How the 50 Year-Old Mainframe Remains Relevant
The mainframe turns 50 years old this year and the many pundits and experts who predicted it would be long gone by now must be scratching their heads. Yes, it is still around and has acquired over 260 new accounts just since zEnterprise launch. It also has shipped over 320 hybrid computing units (not to be confused with zBX chassis only) since the zBX was introduced and kicked off hybrid mainframe computing.
As for MIPS, although IBM experienced a MIPS decline last quarter that follows the largest MIPS shipment in mainframe history a year ago resulting in a 2-year CGR of +11%. (Mainframe sales follow the new product release cycle in a predictable pattern.) IBM brought out the last System z release, the zEC12, faster than the mainframe’s historic release cycle. Let’s hope IBM repeats the quick turnaround with the next release.
Here’s what IBM is doing to keep the mainframe relevant:
- Delivered steady price/performance improvements with each release. And with entry-level BC-class pricing and the System z Solution Edition programs you can end up with a mainframe system that is as competitive or better than x86-based systems while being more secure and more reliable out of the box.
- Adopted Linux early, before it had gained the widespread acceptance it has today. Last year over three-quarters of the top 100 enterprises had IFLs installed. This year IBM reports a 31% increase in IFL MIPS. In at least two cases where DancingDinosaur recently interviewed IT managers, Linux on z was instrumental in bringing their shops to the mainframe.
- Supported for SOA, Java, Web services, and cloud, mobile, and social computing continues to put the System z at the front of the hot trends. It also prominently plays with big data and analytics. Who ever thought that the mainframe would be interacting with RESTful APIs? Certainly not DancingDinosaur’s computer teacher back in the dark ages.
- Continued delivery of unprecedented scalability, reliability, and security at a time when the volumes of transactions, data, workloads, and users are skyrocketing. (IDC predicts millions of apps, billions of users, and trillions of things connected by 2020.)
- Built a global System z ecosystem of tools and technologies to support cloud, mobile, big data/analytics, social and non-traditional mainframe workloads. This includes acquisitions like SoftLayer and CSL Wave to deliver IBM Wave for z/VM, a simplified and cost effective way to harness the consolidation capabilities of the IBM System z platform along with its ability to host the workloads of tens of thousands of commodity servers. The mainframe today can truly be a fully fledged cloud player.
And that just touches on the mainframe platform advantages. While others boast of virtualization capabilities, the mainframe comes 100% virtualized out of the box with virtualization at every level. It also comes with a no-fail redundant architecture and built-in networking.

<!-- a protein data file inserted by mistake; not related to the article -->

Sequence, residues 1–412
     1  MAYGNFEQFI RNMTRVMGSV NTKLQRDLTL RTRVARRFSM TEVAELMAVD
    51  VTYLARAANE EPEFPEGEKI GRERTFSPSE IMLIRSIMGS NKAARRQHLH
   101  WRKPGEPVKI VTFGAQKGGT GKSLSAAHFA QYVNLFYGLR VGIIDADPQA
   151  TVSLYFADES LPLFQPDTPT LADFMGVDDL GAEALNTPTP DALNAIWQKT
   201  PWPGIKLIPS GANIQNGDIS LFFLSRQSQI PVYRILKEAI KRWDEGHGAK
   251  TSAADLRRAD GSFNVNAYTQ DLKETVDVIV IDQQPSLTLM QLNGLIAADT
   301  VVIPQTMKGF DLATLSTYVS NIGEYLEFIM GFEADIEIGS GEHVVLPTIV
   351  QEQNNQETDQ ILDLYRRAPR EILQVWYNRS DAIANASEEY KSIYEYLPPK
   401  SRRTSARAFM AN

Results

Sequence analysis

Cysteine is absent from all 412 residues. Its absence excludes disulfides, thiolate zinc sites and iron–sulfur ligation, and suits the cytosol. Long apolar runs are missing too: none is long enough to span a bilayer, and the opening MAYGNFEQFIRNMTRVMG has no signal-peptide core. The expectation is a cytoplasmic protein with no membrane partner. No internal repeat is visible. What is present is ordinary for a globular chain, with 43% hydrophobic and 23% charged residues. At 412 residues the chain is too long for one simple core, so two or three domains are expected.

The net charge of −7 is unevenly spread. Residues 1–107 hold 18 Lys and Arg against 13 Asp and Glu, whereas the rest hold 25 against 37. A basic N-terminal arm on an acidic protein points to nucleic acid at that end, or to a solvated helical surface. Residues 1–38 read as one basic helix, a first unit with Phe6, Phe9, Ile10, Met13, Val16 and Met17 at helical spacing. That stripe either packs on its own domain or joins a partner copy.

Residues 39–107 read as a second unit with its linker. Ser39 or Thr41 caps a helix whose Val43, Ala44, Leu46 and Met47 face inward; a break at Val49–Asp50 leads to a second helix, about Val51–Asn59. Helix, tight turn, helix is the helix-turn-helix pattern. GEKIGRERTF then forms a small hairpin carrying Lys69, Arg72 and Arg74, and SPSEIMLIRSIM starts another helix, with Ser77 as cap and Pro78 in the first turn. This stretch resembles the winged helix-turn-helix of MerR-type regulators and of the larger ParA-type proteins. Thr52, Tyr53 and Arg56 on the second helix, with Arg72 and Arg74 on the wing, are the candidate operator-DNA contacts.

Hybrid computing is another aspect of the mainframe that organizations are just beginning to tap. Today’s multi-platform compound workloads are inherently hybrid, and the System z can manage the entire multi-platform workload from a single console.
The mainframe anniversary celebration, called Mainframe50, officially kicks off in April but a report from the Pulse conference suggests that Mainframe50 interest already is ramping up. A report from Pulse 2014 this week suggests IBM jumped the gun by emphasizing how the z provides new ways never before thought possible to innovate while tackling challenges previously out of reach.
Pulse 2014, it turns out, offered 38 sessions on System z topics, of which 27 will feature analysts or IBM clients. These sessions promise to address key opportunities and challenges for today’s mainframe environments and the latest technology solutions for meeting them, including OMEGAMON, System Automation, NetView, GDPS, Workload Automation Tivoli Asset Discovery for z/OS and Cloud.
One session featured analyst Phil Murphy, Vice President and Principal Analyst from Forrester Research, discussing the critical importance of a robust infrastructure in a mixed mainframe/distributed cloud environment—which is probably the future most DancingDinosaur readers face—and how it can help fulfill the promise of value for cloud real time.
Another featured mainframe analyst Dot Alexander from Wintergreen Research who looked at how mainframe shops view executing cloud workloads on System z. The session focused on the opportunities and challenges, private and hybrid cloud workload environments, and the impact of scalability, standards, and security.
But the big celebration is planned for April 8 in NYC. There IBM promises to make new announcements, launch new research projects, and generally focus on the mainframe’s future. A highlight promises to be Showcase 20, which will focus on 20 breakthrough areas referred to by IBM as engines of progress. The event promises to be a sellout; you should probably talk to your System z rep if you want to attend. And it won’t stop on April 8. IBM expects to continue the Mainframe50 drumbeat all year with new announcements, deliverables, and initiatives. Already in February alone IBM has made a slew of acquisitions and cloud announcements that will touch every mainframe shop with any cloud interests (which should be every mainframe shop at one point or another).
In coming weeks stay tuned to DancingDinosaur for more on Mainframe50. Also watch this space for details of the upcoming Edge 2014 conference, with an emphasis on infrastructure innovation coming to Las Vegas in May.
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